This is all very academic, but there’s a corollary lesson for laymen: Whatever point you’re making about “gentrification” is undermined by the fact that the word has no clear, singular meaning.
- Badger cites a recent post by Richard Florida at CityLab that suggests “no one’s very good at correctly identifying gentrification“:
It’s clear that “gentrification” is still a vague, imprecise and politically loaded term. We not only need better, more objective ways to measure it; we need to shift our focus to the broader process of neighborhood transformation and the juxtaposition of concentrated advantage and disadvantage in the modern metropolis.
- Reporting on a recent symposium on gentrification that took place in Philadelphia, Sandy Smith at Next City addresses the problem of definition while suggesting 3 ways communities can take control of gentrification:
The panelists who participated in a discussion on “Gentrification, Integration and Equity,” hosted by Next City on Dec. 3rd, had definitions that varied widely, and not all of them agreed that it was a bane. But the issue of better-off residents moving into low-income neighborhoods, no matter how one defines or slices it, does call for cities and communities to come up with ways to counter the ill effects and develop alternative, inclusive visions for redevelopment.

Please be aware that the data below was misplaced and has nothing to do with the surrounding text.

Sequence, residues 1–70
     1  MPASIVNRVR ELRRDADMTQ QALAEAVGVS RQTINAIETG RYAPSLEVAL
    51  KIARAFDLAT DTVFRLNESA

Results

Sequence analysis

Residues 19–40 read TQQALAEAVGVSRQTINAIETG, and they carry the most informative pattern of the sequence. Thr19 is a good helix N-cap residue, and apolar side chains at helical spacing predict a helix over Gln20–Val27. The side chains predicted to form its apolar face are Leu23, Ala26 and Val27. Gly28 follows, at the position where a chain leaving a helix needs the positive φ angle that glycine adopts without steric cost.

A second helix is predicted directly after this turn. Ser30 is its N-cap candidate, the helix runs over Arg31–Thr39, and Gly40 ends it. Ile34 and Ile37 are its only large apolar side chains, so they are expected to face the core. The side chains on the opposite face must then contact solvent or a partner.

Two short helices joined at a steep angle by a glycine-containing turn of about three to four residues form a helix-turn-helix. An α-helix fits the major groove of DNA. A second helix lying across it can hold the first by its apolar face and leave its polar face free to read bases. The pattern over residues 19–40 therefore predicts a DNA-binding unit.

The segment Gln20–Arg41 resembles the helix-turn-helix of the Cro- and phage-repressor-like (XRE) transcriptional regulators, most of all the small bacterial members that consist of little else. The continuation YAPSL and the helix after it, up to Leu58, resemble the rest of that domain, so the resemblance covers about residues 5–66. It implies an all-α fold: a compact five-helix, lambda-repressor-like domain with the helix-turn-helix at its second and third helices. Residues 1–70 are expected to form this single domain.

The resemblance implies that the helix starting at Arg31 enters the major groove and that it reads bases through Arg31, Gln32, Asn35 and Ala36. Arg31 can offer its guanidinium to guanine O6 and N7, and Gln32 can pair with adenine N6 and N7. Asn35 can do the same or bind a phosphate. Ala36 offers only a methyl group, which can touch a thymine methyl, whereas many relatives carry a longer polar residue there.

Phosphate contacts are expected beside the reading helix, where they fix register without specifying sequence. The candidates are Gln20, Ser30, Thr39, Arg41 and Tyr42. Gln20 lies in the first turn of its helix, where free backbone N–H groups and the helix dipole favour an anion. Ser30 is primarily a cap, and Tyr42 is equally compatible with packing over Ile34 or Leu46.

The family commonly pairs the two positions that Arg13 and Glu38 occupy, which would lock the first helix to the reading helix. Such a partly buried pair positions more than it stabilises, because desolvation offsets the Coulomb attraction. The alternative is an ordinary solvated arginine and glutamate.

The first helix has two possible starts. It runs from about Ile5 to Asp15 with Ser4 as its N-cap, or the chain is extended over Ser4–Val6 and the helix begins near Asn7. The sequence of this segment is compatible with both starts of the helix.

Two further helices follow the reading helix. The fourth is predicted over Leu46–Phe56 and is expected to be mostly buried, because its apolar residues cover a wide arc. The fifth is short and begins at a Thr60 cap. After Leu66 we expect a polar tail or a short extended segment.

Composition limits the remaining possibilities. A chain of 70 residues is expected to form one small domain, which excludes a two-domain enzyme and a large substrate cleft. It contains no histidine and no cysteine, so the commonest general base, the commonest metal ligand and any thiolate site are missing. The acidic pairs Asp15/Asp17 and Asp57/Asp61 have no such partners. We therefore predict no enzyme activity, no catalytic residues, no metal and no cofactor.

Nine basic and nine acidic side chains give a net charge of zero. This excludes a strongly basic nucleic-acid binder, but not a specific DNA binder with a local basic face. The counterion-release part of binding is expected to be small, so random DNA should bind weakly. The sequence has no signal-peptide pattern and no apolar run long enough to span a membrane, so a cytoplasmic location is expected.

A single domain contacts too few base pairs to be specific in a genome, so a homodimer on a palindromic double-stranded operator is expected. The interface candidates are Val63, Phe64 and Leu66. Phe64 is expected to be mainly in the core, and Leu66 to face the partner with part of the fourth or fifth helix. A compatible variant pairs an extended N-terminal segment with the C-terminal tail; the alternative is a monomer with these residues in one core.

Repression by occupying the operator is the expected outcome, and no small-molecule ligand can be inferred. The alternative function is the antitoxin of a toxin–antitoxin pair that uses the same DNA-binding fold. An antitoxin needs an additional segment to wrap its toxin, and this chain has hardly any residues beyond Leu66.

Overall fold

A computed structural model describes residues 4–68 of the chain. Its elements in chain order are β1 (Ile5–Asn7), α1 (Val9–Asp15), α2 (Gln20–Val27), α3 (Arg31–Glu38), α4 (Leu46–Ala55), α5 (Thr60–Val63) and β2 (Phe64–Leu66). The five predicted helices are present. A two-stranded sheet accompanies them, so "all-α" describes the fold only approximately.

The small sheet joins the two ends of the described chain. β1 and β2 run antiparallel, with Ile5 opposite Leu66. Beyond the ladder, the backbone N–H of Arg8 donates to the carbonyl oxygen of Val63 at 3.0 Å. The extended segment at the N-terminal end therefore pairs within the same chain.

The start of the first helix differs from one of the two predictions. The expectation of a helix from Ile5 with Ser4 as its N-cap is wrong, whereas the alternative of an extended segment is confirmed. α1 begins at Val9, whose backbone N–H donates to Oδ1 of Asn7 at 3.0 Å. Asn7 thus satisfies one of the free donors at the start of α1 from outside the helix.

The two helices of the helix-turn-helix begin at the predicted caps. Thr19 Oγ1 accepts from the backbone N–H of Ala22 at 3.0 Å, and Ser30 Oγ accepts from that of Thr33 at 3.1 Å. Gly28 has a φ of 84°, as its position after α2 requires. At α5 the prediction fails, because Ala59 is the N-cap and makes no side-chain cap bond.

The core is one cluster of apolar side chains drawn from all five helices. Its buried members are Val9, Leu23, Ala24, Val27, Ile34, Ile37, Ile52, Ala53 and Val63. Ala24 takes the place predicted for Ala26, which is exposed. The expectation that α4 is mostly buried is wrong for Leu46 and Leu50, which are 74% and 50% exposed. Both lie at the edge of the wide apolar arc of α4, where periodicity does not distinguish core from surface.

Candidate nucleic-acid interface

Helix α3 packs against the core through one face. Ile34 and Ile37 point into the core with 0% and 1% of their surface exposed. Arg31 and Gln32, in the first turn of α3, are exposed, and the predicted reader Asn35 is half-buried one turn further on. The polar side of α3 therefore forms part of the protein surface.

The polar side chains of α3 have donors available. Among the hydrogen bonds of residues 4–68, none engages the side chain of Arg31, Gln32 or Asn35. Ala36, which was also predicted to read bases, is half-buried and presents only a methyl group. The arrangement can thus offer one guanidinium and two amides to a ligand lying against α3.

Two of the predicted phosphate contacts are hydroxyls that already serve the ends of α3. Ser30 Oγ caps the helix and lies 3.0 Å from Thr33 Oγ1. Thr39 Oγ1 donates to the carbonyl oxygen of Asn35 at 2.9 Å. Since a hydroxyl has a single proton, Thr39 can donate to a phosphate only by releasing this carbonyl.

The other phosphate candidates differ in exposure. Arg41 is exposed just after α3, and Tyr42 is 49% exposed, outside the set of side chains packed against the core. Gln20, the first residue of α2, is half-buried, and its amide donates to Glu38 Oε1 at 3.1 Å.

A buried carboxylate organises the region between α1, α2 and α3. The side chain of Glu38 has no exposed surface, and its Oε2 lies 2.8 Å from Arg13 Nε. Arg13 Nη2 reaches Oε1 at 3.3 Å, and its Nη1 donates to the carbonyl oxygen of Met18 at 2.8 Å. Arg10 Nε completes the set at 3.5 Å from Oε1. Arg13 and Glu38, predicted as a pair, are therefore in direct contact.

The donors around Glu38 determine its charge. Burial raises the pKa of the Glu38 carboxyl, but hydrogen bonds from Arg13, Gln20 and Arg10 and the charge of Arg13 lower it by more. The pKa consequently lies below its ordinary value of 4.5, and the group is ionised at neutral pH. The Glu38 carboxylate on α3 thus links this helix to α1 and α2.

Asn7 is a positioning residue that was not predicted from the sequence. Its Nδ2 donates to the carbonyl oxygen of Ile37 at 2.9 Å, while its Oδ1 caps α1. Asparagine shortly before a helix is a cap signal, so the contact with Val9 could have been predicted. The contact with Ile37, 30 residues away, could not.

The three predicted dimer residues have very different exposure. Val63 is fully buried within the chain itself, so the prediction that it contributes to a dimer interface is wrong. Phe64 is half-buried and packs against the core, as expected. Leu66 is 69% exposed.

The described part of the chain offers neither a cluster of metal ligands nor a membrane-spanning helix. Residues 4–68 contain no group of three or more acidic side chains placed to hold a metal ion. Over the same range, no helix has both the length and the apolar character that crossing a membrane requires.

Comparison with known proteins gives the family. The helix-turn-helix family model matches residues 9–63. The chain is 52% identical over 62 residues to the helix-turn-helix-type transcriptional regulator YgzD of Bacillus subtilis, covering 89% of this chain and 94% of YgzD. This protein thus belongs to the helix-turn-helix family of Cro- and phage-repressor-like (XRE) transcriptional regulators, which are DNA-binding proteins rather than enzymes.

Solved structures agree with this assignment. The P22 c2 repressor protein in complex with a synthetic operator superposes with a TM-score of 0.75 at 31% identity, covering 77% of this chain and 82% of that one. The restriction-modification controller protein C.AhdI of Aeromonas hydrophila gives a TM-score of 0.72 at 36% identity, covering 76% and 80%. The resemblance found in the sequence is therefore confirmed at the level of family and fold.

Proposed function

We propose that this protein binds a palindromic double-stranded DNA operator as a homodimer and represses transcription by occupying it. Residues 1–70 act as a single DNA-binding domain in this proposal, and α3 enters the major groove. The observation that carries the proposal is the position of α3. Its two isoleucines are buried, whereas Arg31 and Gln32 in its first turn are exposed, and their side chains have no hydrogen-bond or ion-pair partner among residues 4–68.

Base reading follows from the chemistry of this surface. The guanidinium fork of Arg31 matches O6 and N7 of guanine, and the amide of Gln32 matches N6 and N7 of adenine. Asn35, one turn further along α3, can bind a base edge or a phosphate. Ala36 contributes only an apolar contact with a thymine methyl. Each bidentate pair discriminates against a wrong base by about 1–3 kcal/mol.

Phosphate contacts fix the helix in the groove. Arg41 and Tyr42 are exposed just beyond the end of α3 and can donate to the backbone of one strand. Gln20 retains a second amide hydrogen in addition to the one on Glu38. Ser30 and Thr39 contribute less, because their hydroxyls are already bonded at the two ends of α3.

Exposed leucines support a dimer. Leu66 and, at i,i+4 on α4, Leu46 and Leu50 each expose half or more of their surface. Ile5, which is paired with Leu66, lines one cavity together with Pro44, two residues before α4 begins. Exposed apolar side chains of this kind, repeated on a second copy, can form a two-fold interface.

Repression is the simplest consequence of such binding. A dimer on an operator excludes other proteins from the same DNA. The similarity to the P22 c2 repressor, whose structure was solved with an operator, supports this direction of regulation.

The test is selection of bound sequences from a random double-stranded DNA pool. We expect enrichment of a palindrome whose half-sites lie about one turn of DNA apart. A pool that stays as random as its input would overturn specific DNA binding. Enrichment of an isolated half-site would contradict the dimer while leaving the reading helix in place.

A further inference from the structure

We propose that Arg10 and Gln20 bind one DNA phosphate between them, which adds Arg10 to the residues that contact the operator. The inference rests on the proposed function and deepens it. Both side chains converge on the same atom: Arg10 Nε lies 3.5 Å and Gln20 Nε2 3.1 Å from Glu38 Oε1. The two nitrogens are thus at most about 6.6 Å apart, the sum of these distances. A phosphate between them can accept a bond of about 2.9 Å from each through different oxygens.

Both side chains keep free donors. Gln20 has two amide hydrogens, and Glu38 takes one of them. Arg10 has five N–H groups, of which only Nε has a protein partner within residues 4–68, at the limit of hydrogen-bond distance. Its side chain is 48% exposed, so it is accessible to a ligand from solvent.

- Meanwhile, Pete Saunders at The Corner Side Yard has identified the types of gentrification:
Spurred on by the recent debate on the impact of limited housing supply on home prices and rents, thereby “capping” gentrification, (taken on fantastically by geographer Jim Russell in posts like this), I decided to do a quick analysis of large cities and see how things added up. The analysis was premised on a couple observations of gentrification, one often spoken and one not. One, gentrification seems to be occurring most and most quickly in cities that have an older development form, offering the walkable orientation that is growing in favor. Two, gentrification seems to be occurring most and most quickly in areas that have lower levels of historic black populations.